global_step = tf$practice$get_or_create_global_step()
      purrr::transpose(list(decoder_gradients, decoder$variables)),
      global_step = tf$practice$get_or_create_global_step()
  checkpoint$save(file_prefix = checkpoint_prefix)
      "Losses (epoch): {epoch}:",
      "  {(as.numeric(logpx_z_total)/batches_per_epoch) %>% spherical(2)} logpx_z_total,",
      "  {(as.numeric(logpz_total)/batches_per_epoch) %>% spherical(2)} logpz_total,",
      "  {(as.numeric(logqz_x_total)/batches_per_epoch) %>% spherical(2)} logqz_x_total,",
      "  {(as.numeric(total_loss)/batches_per_epoch) %>% spherical(2)} whole"
  if (epoch %% 10 == 0) {


How effectively did that work? Let’s see the sorts of garments generated after 50 epochs.

Additionally, how disentangled (or not) are the completely different lessons in latent area?

And now watch completely different garments morph into each other.

How good are these representations? That is onerous to say when there may be nothing to match with.

So let’s dive into MMD-VAE and see the way it does on the identical dataset.


MMD-VAE guarantees to generate extra informative latent options, so we might hope to see completely different habits particularly within the clustering and morphing plots.

Knowledge setup is identical, and there are solely very slight variations within the mannequin. Please take a look at the whole code for this instance, mmd_vae.R, as right here we’ll simply spotlight the variations.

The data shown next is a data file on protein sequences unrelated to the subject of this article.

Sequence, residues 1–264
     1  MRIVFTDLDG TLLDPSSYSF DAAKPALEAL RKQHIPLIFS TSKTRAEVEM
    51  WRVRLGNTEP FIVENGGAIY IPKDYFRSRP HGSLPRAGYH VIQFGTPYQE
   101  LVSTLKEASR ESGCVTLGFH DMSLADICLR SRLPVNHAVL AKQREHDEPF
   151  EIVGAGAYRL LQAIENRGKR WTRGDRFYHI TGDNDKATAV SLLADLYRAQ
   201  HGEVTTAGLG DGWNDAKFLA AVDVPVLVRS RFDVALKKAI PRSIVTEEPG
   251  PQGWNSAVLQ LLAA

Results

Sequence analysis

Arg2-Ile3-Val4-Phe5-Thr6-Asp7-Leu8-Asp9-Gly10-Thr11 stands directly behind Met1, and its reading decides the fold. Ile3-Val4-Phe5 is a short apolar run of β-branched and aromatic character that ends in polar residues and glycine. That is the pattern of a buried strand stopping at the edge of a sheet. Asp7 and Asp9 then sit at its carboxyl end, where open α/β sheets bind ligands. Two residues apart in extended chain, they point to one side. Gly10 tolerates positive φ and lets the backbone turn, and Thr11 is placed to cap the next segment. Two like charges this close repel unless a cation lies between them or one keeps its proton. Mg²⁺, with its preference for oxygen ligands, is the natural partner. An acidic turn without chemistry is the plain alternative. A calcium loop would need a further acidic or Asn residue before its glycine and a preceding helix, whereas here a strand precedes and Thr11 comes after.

Variations within the mannequin(s)

There are three variations as regards mannequin structure.

One, the encoder doesn’t need to return the variance, so there isn’t a want for tf$cut up. The encoder’s name technique now simply is

perform (x, masks = NULL) {
  x %>%
    self$conv1() %>%
    self$conv2() %>%
    self$flatten() %>%

Between the encoder and the decoder, we don’t want the sampling step anymore, so there isn’t a reparameterization.
And since we gained’t use tf$nn$sigmoid_cross_entropy_with_logits to compute the loss, we let the decoder apply the sigmoid within the final deconvolution layer:

self$deconv3 <- layer_conv_2d_transpose(
  filters = 1,
  kernel_size = 3,
  strides = 1,
  padding = "similar",
  activation = "sigmoid"

Loss calculations

Now, as anticipated, the massive novelty is within the loss perform.

The loss, most imply discrepancy (MMD), relies on the concept two distributions are similar if and provided that all moments are similar.
Concretely, MMD is estimated utilizing a kernel, such because the Gaussian kernel


to evaluate similarity between distributions.

The thought then is that if two distributions are similar, the common similarity between samples from every distribution needs to be similar to the common similarity between combined samples from each distributions:

The next code is a direct port of the creator’s original TensorFlow code:

compute_kernel <- perform(x, y) {
  x_size <- k_shape(x)[1]
  y_size <- k_shape(y)[1]
  dim <- k_shape(x)[2]
  tiled_x <- k_tile(
    k_reshape(x, k_stack(list(x_size, 1, dim))),
    k_stack(list(1, y_size, 1))
  tiled_y <- k_tile(
    k_reshape(y, k_stack(list(1, y_size, dim))),
    k_stack(list(x_size, 1, 1))
  k_exp(-k_mean(k_square(tiled_x - tiled_y), axis = 3) /